But the 2021 world champion warned the technical progress needed to drag the M1 into contention against Ducati, Aprilia and KTM will require the Japanese giant to cast off its conservative approach to bike design and human resources.

Quartararo admitted it took ten rounds to come to terms with what is on course to be his worst premier-class season, with only one GP podium to date as Yamaha tussles with Honda to try and avoid last in the constructors’ standings.

“It cost half a season or more. Until Silverstone I didn't understand and didn't accept to fight for the kind of positions I'm fighting in right now,” Quartararo said of the difficulty in being patient under such circumstances.

“You fight for the championship three years in a row and then you fight for points, or just to qualify in Q2. Even in my first year, I was in Q1 only once. I know I’ve improved a lot as a rider since then and I know my potential.

“On my mental side, it was crazy how difficult it was. But right now, I accept the way of finishing P7-P8, but it’s hurting me a lot inside.”

A MotoGP Miracle for Pecco Bagnaia 🙏

Despite finally receiving a power boost for this season, Quartararo has found the limit of the latest M1 package to be stubbornly low.

“I feel at one with the bike but just we are too far, the potential of the bike is still super far [off] compared to the others,” he said.

“Because every bike has its limits, but this year you arrive super quick to the limit. Even last year I could go a little bit over the limit, play a little bit, but right now the limit arrives super [early].”

The end result is that Quartararo sits eleventh in the riders’ world championship with just two top-six finishes from the 22 (Sprint and Sunday) races, with Yamaha winless for well over one calendar year.

‘I’m pushing everyone. I believe Yamaha can do it, but…’

With the relentless rate of development by the Europeans leaving the Japanese manufacturers on the ropes, Quartararo admits he has doubts over whether the gap can be bridged for 2024. But insists there have been promising signs.

“Every day, even when I'm not racing, I'm pushing all the engineers, even at home, I send a message to the Project Leader, everyone!” Quartararo said.

“Of course, I'm not feeling super confident [for 2024] because I still haven't tried anything, but I believe Yamaha can do it, but we need to change a little bit our mentality of being [more] aggressive, like the Europeans.

“This is something difficult to change. But step by step I think we are doing it.

“[Before Catalunya] we had a good meeting. In Austria we had a good meeting,” he added. “It's not a massive change but step by step some small changes and a way of talking that you see they understand a little bit more.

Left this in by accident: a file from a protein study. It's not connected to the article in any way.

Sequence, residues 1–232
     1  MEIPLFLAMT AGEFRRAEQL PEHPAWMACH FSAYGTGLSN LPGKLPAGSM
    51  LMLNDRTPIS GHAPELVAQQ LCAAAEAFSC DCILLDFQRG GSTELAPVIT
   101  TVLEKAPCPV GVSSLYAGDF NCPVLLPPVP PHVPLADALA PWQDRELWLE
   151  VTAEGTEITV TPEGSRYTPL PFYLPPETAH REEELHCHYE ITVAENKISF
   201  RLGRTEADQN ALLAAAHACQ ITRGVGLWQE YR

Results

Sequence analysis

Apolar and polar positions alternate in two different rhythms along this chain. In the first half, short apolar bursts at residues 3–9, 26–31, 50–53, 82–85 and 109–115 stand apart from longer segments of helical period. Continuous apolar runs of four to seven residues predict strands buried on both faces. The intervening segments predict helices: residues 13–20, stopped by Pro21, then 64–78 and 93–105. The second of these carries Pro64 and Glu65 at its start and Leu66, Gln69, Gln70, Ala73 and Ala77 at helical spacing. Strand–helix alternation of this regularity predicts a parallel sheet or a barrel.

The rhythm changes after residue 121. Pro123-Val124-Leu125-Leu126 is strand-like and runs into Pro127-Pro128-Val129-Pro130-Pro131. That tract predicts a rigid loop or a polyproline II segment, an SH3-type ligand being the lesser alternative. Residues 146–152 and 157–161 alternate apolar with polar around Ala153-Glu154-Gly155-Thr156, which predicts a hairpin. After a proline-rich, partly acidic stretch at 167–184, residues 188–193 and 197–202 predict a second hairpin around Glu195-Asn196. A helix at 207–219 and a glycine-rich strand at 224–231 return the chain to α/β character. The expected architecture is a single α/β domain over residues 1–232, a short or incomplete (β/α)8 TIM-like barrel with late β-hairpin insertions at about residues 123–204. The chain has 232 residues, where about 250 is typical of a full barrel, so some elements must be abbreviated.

“Sometimes [in the past] they said yes, but they said yes to make you happy! Now they are much clearer and this is something that for me is super important. The communication between riders, team and engineers need to be as one.”

‘Toughest situation in Yamaha's history’

The 24-year-old underlined that he doesn’t expect Yamaha to radically transform its way of working overnight.

However, Quartararo is targeting the middle ground as a viable goal as he seeks to help extract Yamaha from the ‘toughest situation’ in the factory’s long grand prix history.

“We cannot change someone from really conservative, to totally crazy! But we are trying to go in the middle and this is something that is going to be a great challenge for Yamaha and for me personally,” he said.

“I won with Yamaha, we are in the toughest situation for Yamaha I think in history, and I want to be back on top with Yamaha.”

‘Why can’t Yamaha be as fast as the Ducati?’

Ex-F1 engine designer Luca Marmorini was brought in as a consultant for the 2023 engine and Quartararo agreed that Yamaha needs to be aggressive in recruiting more key engineers from rival MotoGP factories.

But he added that such staff must also then be given the necessary freedom to deliver.

“Yes, [aggressively hiring rival staff] is something also super important. Step by step they're taking people. But I think they have to let them [European staff] work more. I think for Japanese engineers, they want to keep everything in Japan, but you have to open up a little bit your mind and listen a little bit to everyone,” Quartararo explained.

“And this is something Yamaha is doing. That's why I said that they are opening a little bit their mind, a little bit more like Europeans. And it's going to be a key for next year and the future, because why can’t Yamaha be as fast as the Ducati?